Have you taken a selfie with a wild animal?
Cheryl Feldstein’s research project started with a pet peeve, cell phones and a particularly striking elk.
A resident of Edmonton, AB and a Royal Roads University student working on a Bachelor of Arts in Interdisciplinary Studies, Feldstein was driving with her family to BC when she spotted “this absolutely handsome male elk that likes to hang out on the side of the road just entering Jasper [National] Park.”
“People stop and slow down because it’s amazing to see an animal like that up close. But then they’d stop and get out of the car, and turn around and take a selfie. Or get really close and stick their hands out of the car to take that picture.”
This raised a number of safety concerns for the fetching elk, says Feldstein — “A) It’s habituating wildlife to humans. And B) it’s habituating wildlife to cars,” she says. “That’s deadly” — as well as for the curious humans — “The rack of antlers isn’t just there for decoration. They’re used to protect.”
While most people witnessing such a situation unfold might think, “Wow, look at that beautiful elk,” or “Wow, check out that guy getting too close to the elk,” or even, “Check out those antlers. I’ve got to get a photo of that elk,” Feldstein — after opening her car window and yelling at the tourists — wondered something else:
Why do people take selfies with wild animals?
Which was her pet peeve and became her research project.
A pet peeve leads to research
“Why is it that we as humans feel the need to do that?” she says she asked herself at the start. “Why is it, when it comes to a camera and social media and posting things, we kind of forget all of our natural instincts and just do it? What are the drivers for that?”
Feldstein, who has worked most of her adult life in the non-profit sector, including 18 years with a wildlife rehabilitation group, says she began her literature review expecting to find papers devoted to her specific topic. Instead, she discovered adjacent research: on selfies and social media; on the history of wildlife photography; on human-wildlife interactions. And in reading and compiling and synthesizing all that information, she came the conclusion that wildlife selfies are about herd mentality — and not on the part of the animals.
“I’ve come to the conclusion that it is not about narcissism, it’s about exhibitionism,” she says, noting that this applies to selfies with and without animals, and that exhibitionism relates to the need for connection that all humans feel. “I guess we’re pack animals, right? We need to belong.”
In addition to studying the hard-wired roots of humans taking animal selfies — including factors that cause people to behave certain ways, such as cost-benefit considerations, and potential rewards or praise they may receive — she studied social media posts by Parks Canada to analyze whether they’re effective in educating people and hitting the right triggers to keep them from harassing animals with their smart phones. (And along the way, she picked up a Mitacs Research Training Award.)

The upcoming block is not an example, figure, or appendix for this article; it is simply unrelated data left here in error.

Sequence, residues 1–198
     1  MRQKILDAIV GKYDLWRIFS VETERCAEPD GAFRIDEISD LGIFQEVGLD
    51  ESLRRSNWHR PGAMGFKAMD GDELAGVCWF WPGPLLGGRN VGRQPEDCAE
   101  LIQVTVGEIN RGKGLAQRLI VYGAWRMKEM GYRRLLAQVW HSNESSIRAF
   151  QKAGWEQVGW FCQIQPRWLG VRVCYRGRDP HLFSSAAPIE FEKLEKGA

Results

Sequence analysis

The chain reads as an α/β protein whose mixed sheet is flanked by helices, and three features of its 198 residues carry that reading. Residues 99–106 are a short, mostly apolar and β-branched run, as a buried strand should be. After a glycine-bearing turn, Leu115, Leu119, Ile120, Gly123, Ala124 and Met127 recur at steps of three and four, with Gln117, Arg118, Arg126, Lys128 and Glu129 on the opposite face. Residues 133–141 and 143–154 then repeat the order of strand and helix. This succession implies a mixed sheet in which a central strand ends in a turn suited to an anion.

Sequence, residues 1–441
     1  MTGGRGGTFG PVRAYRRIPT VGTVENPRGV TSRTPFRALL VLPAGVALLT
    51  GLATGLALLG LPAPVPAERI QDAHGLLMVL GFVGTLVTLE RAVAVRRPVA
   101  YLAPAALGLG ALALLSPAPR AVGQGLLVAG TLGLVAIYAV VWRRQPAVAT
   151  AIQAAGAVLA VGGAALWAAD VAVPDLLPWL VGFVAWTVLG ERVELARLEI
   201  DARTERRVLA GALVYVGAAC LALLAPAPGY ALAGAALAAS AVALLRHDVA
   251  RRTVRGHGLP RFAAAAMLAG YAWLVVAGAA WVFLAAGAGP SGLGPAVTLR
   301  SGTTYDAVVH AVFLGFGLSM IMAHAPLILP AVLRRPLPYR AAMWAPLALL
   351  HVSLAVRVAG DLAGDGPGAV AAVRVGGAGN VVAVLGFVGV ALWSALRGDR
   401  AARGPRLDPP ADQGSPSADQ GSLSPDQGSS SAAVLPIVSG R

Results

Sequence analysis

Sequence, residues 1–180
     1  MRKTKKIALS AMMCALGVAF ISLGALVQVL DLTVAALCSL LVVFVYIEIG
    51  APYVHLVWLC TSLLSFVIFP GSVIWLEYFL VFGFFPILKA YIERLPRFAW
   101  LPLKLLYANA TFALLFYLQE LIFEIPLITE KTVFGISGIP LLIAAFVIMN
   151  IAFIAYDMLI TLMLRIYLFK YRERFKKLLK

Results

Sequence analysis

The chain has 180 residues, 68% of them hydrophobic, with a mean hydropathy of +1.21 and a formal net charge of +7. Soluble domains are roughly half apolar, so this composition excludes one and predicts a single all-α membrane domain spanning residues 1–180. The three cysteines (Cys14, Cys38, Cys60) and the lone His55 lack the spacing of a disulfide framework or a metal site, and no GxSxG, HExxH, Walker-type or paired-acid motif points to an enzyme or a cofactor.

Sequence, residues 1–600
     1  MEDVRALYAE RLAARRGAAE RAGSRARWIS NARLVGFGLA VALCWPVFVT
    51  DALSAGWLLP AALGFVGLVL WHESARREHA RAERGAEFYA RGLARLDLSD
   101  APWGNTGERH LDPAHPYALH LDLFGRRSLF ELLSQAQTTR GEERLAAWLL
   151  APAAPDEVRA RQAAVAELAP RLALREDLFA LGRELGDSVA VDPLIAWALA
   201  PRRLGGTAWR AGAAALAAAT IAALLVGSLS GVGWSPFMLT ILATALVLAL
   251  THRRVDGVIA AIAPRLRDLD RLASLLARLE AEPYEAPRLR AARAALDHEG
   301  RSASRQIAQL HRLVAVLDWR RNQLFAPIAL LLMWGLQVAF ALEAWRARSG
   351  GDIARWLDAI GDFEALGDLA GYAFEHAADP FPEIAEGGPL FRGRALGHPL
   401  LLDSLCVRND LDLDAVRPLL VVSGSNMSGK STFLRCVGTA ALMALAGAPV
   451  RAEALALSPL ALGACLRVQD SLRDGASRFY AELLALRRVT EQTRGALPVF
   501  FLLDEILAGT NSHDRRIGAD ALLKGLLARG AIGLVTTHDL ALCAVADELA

Dr. Chaseten Remillard, an assistant professor in Royal Roads’ School of Communication and Culture, and program head for the Master and Bachelor of Professional Communication programs, did a directed studies course with Feldstein last fall, when she turned the latter research into her capstone project.
“She looks at the fact that there’s a variety of motivations people have when they’re on social media,” Remillard says. “As David Taras has said: ‘Social media is a 24-hour, seven-day-a-week advertisement for your favourite product, yourself.’ It’s a mechanism of vanity in a way, and so organizations that just defer to the broadcast model of sharing on social media, they miss a really important point of why people pick up and share posts online.
“I think that’s what Cheryl’s [work] is trying to get at,” he says. “Why are people motivated to take these images in the first place and how can you leverage that kind of motivation for them to then become more conscientious of the dangers of those types of posts and activities?”
Remillard also notes that Feldstein’s research speaks to the strength of Royal Roads’ interdisciplinary approach to education. Even though she isn’t a communication student, she was able to cross schools and specialties to find research help and answers.
Feldstein agrees, saying she viewed her work through an interdisciplinary lens because that’s how she views the world and because, it turns out, psychology, biology, communications and sociology all seem to intersect at the point a tourist spots an exceptionally photogenic elk.